The Africana Studies curriculum critically analyzes the historical and contemporary experiences of people of African descent in the United States, Africa, the Americas, Europe, and wherever communities of African descended people have emerged.
Since 1970 and prior to joining the Department of Languages, Literatures and Cultures, the Department of Africana Studies has been a community of scholars founded on and rooted in the emerging discipline of Africana Studies. It is based on several sources, including the Black Intellectual Tradition, the traditional academic disciplines, and the insights and lessons of the historic struggle against racism and for social justice.
Required Courses: (15 Credits)
AFAM 1111 Introduction to Africana Studies
Choose two 6-credits sequence from the following:
AFAM 1201-1202 (HIST 1501-1502) History of African Civilization I-II
AFAM 1213-1214 (HIST 2375-2376) African American History I-II
AFAM 2411-2412 (ENGL 3613-3614) Early African American Literature-Modern African American Literature
Advanced Elective Courses: (6 Credits)
Advanced electives courses could be taken in the Departments of English, Political Science, Sociology & Anthropology.
Total: 21 credits
The multidisciplinary faculty and their community-based expertise prepare students to become servant leaders by fostering a commitment to rigorous intellectual inquiry and the movement for racial justice and equality.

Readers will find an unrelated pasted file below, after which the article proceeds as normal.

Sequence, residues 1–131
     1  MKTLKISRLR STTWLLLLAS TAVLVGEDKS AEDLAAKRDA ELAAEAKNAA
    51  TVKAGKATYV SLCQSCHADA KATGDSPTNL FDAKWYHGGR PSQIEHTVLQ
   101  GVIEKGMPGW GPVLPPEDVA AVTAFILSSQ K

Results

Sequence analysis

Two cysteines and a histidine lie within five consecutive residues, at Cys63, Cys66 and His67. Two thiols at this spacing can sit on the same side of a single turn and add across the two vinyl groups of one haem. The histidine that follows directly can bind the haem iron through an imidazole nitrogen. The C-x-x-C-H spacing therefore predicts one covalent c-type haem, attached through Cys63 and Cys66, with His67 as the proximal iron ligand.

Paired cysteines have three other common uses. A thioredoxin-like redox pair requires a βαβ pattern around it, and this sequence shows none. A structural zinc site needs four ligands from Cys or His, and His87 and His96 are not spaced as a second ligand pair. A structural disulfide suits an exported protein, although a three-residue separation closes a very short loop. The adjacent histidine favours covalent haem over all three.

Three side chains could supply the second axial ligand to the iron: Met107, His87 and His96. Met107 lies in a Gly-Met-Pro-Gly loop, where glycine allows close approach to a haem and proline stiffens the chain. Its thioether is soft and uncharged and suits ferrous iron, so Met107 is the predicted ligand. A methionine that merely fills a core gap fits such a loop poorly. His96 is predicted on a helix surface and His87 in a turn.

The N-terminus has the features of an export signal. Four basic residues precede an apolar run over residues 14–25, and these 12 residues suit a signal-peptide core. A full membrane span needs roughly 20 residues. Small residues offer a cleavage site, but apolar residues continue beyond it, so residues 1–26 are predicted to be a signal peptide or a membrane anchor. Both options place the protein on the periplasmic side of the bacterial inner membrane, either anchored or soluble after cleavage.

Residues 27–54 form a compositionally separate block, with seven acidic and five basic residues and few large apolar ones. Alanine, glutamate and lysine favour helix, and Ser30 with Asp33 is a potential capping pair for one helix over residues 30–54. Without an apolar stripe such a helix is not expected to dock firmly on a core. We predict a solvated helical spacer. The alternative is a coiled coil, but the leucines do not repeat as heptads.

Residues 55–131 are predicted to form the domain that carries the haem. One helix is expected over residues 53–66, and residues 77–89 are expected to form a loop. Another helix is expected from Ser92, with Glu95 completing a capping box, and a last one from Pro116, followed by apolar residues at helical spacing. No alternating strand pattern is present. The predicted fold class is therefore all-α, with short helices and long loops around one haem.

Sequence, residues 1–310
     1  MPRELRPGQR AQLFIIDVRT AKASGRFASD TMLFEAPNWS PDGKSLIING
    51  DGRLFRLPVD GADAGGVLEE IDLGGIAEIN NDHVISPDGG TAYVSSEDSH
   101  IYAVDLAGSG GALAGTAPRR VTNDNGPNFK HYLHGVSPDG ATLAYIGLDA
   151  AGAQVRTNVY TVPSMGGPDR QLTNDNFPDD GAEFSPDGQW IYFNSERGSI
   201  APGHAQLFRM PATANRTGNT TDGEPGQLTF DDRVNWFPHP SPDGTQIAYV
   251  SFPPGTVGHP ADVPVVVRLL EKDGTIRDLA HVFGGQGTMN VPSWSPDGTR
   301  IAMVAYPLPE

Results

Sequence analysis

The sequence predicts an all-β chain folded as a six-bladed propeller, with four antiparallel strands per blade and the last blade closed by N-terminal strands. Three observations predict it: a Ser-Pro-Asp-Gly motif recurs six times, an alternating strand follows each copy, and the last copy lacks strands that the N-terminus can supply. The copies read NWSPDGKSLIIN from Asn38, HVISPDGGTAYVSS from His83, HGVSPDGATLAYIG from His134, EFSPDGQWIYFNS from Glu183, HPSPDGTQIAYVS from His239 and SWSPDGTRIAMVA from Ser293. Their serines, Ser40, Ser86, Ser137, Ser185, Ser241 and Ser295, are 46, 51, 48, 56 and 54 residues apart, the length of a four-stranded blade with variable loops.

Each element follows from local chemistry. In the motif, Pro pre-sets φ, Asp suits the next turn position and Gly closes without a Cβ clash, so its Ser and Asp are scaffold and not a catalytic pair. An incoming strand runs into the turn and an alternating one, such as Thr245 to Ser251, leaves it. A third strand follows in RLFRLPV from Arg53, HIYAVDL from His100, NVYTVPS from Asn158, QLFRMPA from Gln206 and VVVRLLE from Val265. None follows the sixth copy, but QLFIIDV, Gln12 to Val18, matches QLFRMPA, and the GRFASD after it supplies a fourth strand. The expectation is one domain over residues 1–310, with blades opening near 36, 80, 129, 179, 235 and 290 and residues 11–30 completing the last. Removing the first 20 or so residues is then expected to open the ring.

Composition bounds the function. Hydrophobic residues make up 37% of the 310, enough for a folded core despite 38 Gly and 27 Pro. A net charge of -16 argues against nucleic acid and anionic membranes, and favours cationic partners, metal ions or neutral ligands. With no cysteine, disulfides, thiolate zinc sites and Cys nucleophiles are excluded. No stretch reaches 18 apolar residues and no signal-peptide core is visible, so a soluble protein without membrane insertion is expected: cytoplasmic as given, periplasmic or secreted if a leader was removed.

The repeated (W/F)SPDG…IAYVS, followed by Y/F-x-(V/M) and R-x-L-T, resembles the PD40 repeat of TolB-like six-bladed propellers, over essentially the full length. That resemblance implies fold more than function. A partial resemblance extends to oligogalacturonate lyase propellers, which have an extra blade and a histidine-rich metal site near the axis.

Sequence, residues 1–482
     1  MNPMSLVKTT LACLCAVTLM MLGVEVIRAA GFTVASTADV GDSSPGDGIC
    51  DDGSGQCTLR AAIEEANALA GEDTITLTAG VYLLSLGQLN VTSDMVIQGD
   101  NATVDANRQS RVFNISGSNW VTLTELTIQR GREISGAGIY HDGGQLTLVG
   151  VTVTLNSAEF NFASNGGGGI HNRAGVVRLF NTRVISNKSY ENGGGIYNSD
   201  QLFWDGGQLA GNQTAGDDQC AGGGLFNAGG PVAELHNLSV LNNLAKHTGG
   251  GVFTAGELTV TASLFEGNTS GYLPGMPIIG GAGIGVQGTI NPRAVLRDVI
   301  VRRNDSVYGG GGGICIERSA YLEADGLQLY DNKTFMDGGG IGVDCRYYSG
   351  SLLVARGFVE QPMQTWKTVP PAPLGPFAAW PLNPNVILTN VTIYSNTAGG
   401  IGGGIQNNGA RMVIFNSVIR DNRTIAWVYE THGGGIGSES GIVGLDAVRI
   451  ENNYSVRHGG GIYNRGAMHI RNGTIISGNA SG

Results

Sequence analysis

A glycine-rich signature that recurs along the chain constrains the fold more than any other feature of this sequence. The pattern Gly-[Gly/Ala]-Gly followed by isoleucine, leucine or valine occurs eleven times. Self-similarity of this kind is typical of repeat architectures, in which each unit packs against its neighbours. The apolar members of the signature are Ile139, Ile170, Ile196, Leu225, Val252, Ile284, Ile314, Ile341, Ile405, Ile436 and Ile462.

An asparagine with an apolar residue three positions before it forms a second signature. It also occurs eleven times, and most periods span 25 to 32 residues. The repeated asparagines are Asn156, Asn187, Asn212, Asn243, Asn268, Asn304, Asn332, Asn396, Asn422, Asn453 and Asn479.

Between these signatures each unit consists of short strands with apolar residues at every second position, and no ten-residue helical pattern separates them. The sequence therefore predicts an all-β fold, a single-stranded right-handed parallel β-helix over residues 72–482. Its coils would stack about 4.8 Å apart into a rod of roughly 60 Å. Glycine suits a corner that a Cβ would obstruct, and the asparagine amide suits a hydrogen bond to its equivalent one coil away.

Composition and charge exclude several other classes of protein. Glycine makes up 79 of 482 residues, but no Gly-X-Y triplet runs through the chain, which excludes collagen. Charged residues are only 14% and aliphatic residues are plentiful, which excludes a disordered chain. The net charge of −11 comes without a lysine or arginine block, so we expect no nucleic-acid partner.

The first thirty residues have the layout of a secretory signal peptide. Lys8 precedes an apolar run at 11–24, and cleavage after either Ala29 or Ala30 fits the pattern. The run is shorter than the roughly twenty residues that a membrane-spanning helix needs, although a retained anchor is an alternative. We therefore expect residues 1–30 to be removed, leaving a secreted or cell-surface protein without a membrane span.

As one of the country's leading Catholic universities, Seton Hall has been developing students in mind, heart and spirit since 1856. Home to nearly 10,000 undergraduate and graduate students, Seton Hall is a place that nurtures compassionate leaders who are prepared to make a difference in the world.
Seton Hall offers all the advantages of a large research university -a national reputation;challenging academic programs; notable alumni; state-of-the-art facilities; renowned faculty;and extensive opportunities for internships, research and scholarship -with all the benefits of a small, supportive and nurturing environment.
The best way to truly experience Seton Hall is to visit us in person.